Tourism and Intangible Cultural Heritage

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Intangible Cultural Heritage is embodied in those practices, expressions, knowledge, and skills - as well as in associated objects and cultural spaces - that communities and individuals recognize as part of their cultural heritage. Transmitted through generations and constantly recreated, it provides humanity with a sense of identity and continuity.*

The Global Code of Ethics for Tourism (Article 4) prescribes the protection of natural, artistic, archaeological and cultural heritage, to allow traditional cultural products, crafts and folklore to survive and flourish, rather than causing them to degenerate and become standardised.
*Definition based on the 2003 UNESCO convention on the Safeguarding of Intangible Cultural Heritage

Intangible Cultural Heritage and Tourism

The global wealth of traditions is one of the principal motivations for travel, with tourists seeking to engage with new cultures and to experience the global variety of performing arts, handicrafts, rituals and cuisines. The cultural interaction spurred by such encounters prompts dialogue, builds understanding, and fosters tolerance and peace.

Fostering the responsible use of this living heritage for tourism purposes can generate employment, alleviate poverty, curb rural flight migration, and nurture a sense of pride among communities.

Tourism offers a powerful incentive for preserving and enhancing intangible cultural heritage, since the revenue it generates can be channelled back into initiatives to aid its long-term survival. Intangible cultural heritage must be thoughtfully managed if it is to flourish in an increasingly globalized world. Only true partnerships between communities and the tourism and heritage sectors, built on a genuine appreciation for the aspirations and values of all parties, can ensure its survival.

UNWTO Study on Tourism and Intangible Cultural Heritage  

The first UNWTO Study on Tourism and Intangible Cultural Heritage provides comprehensive baseline research on the interlinkages between tourism and the expressions and skills that make up humanity’s intangible cultural heritage (ICH).  For a Summary of the Study, please click here. (Photo credit of the Summary's cover page:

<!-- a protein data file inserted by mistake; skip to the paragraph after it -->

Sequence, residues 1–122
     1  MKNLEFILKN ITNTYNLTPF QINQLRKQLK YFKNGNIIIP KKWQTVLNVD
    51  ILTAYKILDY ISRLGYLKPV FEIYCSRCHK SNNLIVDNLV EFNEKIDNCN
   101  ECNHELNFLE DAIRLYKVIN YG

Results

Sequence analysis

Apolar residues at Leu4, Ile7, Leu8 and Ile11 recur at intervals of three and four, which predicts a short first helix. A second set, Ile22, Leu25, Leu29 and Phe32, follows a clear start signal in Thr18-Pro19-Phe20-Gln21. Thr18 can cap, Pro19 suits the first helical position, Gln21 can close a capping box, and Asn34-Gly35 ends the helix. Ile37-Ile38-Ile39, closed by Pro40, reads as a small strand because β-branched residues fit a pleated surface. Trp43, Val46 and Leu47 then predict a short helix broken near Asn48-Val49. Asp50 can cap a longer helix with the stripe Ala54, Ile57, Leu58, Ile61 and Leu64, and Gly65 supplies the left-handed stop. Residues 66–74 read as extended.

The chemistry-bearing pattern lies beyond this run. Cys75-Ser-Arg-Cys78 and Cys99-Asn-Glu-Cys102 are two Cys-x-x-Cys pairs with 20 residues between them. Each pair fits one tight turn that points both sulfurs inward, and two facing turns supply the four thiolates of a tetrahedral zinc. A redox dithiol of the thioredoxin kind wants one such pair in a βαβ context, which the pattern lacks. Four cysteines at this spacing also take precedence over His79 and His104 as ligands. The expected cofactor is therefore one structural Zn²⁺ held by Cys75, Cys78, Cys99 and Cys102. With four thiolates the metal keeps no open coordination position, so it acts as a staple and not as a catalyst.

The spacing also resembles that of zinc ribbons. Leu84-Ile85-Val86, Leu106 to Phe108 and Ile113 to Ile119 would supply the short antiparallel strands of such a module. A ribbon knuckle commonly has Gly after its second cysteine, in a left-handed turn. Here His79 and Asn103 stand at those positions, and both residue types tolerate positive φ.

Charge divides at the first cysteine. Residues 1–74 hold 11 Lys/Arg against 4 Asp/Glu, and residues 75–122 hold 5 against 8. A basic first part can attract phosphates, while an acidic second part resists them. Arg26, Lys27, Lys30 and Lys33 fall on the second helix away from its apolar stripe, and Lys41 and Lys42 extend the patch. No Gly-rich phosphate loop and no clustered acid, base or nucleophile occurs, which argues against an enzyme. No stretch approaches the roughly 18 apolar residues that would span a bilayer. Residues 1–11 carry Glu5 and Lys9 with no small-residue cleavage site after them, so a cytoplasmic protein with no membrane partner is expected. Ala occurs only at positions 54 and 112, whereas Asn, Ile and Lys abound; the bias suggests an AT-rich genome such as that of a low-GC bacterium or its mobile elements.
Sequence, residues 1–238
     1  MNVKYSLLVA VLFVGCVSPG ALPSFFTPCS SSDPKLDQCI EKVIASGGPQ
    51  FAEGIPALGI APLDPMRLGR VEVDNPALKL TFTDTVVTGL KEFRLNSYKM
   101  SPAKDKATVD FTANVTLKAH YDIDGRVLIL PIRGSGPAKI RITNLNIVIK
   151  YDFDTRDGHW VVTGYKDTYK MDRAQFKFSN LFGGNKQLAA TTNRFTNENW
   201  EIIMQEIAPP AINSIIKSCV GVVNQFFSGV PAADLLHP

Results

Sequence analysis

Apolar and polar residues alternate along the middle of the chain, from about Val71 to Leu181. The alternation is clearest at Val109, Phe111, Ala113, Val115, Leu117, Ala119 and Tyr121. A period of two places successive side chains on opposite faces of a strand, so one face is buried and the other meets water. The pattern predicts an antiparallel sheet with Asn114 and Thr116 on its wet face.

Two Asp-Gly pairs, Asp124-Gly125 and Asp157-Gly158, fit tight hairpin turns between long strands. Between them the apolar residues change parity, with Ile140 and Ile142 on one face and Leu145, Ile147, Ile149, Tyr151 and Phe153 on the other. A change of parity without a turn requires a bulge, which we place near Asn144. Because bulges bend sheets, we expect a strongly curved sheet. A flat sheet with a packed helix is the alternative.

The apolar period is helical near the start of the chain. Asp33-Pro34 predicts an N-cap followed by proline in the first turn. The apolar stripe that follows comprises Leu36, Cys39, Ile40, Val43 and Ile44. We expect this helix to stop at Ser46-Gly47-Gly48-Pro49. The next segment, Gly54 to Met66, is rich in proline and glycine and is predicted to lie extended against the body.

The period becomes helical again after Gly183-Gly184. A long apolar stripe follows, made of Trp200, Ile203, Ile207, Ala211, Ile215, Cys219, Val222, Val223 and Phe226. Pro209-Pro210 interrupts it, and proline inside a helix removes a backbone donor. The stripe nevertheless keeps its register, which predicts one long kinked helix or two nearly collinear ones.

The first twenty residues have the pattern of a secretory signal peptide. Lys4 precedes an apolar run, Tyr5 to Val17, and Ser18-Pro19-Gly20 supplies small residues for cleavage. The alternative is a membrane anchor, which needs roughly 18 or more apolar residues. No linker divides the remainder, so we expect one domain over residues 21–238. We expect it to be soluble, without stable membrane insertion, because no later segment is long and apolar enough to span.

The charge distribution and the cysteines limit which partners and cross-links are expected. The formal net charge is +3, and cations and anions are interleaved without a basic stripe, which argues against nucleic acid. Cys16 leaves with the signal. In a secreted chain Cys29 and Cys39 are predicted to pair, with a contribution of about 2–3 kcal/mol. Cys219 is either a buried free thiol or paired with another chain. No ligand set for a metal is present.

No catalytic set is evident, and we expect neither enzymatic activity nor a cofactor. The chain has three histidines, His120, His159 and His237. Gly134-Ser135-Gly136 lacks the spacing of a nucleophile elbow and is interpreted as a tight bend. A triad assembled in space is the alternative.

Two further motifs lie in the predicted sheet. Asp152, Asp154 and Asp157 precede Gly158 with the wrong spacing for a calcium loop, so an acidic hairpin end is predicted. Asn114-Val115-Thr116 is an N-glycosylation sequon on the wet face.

The publication explores major challenges, risks and opportunities for tourism development related to ICH, while suggesting practical steps for the development and marketing of ICH-based tourism products.

Through a compendium of case studies drawn from across five continents, the report offers in-depth information on, and analysis of, government-led actions, public-private partnerships and community initiatives.

These practical examples feature tourism development projects related to six pivotal areas of ICH: handicrafts and the visual arts; gastronomy; social practices, rituals and festive events; music and the performing arts; oral traditions and expressions; and, knowledge and practices concerning nature and the universe.

Highlighting innovative forms of policy-making, the UNWTO Study on Tourism and Intangible Cultural Heritage recommends specific actions for stakeholders to foster the sustainable and responsible development of tourism by incorporating and safeguarding intangible cultural assets.

To access the Study on UNWTO's e-library, please visit:

Click here to view a Summary of the Study.

In December 2018, Mr. Manuel Butler, Executive Director of UNWTO, and Mr. Amitava Bhattacharya, Founder Director of, India, renewed the Memorandum of Understanding between the two organizations, committing to continue collaborating in order to promote social inclusion through Intangible Cultural Heritage. The agreement aims to improve the livelihoods of indigenous communities, women, youth and people with disabilities by fostering training, capacity-building and community-based cultural tourism development.


Image: Mr. Manuel Butler, Executive Director of UNWTO, Ms. Marina Diotallevi Head of Ethics, Culture and Social Responsibility and Mr. Amitava Bhattacharya, Founder Director of, India

Relevant Materials

For more information on UNWTO's work on intangible cultural heritage please contact